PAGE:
In the current study, 142 (2.2%) GNB strains were isolated from 6,524 blood, wound, and sterile body fluid cultures. The GNB were isolated from 84 boys (59.2%) and 58 girls (40.8). The median age of the patients was 11.4 months (IQR: 1.9 months-4 years) (Table 1). Ninety-one patients (64%) had a history of previous hospitalization and 13 patients (9%) had died by the end of the study.
Table 1 Characteristics of studied patients
As shown in Table 1, the most isolates were collected from surgical unit and intensive care units (ICUs) (particularly EICU and Neonatal Intensive Care Unit). Forty-four patients (31%) utilized ventilators, 80 patients (56%) used catheters, and 12 of them (8.5%) had positive central venous catheter tip culture during their hospitalization.
The most common isolated GNB was E. coli (n=32, 22/5%), followed by K. pneumoniae (n=29, 20%) and Pseudomonas spp. (n=17, 12%) (Table 2). A total of 142 organisms were isolated from blood (63%), wounds (13.7%), ascites (8.7%), cerebrospinal fluid (6%), central venous catheter tip (5%), dialysis fluid (1%), pleural fluid (0.7%), and the other sterile cultures (1.4%). Fourteen strains were separated from peritoneal fluid in which E. coli with a number of nine strains (64%) was regarded as the most common.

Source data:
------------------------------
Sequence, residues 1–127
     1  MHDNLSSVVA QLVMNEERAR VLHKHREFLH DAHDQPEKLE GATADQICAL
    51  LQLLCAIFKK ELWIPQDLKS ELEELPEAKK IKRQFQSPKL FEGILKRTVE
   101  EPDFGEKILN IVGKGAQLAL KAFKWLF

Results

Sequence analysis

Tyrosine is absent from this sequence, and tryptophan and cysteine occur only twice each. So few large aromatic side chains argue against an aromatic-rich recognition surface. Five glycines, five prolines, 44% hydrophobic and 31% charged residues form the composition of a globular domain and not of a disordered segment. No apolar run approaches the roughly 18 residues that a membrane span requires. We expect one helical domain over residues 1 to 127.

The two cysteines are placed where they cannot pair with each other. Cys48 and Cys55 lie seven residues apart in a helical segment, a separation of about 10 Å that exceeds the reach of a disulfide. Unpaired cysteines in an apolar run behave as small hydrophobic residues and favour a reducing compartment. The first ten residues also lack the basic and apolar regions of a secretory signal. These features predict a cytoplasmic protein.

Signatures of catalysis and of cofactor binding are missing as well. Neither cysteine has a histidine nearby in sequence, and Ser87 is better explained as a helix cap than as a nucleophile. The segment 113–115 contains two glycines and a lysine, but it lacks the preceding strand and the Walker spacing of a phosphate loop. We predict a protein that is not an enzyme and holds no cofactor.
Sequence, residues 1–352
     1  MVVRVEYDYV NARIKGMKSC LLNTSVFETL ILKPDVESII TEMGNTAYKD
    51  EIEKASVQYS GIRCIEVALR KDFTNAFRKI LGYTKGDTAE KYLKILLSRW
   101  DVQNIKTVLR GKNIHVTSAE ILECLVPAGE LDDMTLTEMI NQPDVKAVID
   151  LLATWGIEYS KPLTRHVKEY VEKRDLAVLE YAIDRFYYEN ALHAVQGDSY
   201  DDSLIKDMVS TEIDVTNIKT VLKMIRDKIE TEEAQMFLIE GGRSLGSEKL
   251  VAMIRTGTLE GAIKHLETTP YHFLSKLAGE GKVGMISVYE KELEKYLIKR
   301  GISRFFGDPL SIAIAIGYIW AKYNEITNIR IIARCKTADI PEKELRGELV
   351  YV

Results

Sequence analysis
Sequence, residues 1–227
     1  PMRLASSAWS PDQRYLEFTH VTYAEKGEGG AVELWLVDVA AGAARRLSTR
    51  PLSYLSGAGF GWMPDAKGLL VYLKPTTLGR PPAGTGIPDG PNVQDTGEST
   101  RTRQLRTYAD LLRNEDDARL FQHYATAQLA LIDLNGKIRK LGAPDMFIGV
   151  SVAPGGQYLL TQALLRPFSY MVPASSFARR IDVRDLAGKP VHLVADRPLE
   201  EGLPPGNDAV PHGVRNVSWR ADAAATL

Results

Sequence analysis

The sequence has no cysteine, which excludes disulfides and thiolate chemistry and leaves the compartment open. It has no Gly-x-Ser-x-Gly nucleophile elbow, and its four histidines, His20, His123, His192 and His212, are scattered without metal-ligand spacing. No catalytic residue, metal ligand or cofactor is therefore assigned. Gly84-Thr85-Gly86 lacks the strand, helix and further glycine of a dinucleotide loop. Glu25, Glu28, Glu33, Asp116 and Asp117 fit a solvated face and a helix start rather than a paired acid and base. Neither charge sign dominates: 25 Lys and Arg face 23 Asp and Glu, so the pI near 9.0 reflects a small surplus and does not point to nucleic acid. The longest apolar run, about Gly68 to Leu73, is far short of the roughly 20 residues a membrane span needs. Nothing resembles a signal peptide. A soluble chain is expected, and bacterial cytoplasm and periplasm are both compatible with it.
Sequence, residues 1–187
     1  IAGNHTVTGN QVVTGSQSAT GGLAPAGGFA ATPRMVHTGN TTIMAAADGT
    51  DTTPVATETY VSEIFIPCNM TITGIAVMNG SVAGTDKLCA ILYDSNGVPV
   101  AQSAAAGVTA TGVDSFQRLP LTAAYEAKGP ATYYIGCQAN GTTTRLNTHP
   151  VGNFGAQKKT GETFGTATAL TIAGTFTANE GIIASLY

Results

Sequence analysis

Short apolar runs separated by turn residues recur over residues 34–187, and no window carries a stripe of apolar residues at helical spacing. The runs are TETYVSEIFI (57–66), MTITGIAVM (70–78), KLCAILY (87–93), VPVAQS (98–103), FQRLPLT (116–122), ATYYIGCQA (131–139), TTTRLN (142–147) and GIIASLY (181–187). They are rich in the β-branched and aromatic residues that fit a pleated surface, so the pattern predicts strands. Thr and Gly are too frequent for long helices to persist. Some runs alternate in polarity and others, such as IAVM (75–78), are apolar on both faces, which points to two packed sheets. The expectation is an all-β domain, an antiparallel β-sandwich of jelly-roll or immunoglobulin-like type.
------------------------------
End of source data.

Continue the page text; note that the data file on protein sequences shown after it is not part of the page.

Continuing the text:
Table 2 Frequency of occurrence of GNB isolated from blood, wounds, and sterile body fluid cultures
Among all the gram-negative organisms, 100 isolates met the criteria of nosocomial infection. All of the S. marcescens, A. baumannii, Enterobacter spp., and P. aeruginosa isolates met the criteria of HAI.
Forty-one strains were from ICUs, most of which were S. marcescens (N=13, 22%), K. pneumoniae (N=12, 21.3%), E. coli (N=9, 15.2%), and A. baumannii (N=8, 13.5%). While the most prevalent isolates in the surgical unit were E. coli (N=11, 57.9%). HAI was reported in all the patients with positive culture of central venous catheter tip, 79 patients (99%) with catheters, and 43 patients (98%) who had used a ventilator. Interestingly, 99% of children who met the criteria of HAI had a history of previous hospitalization.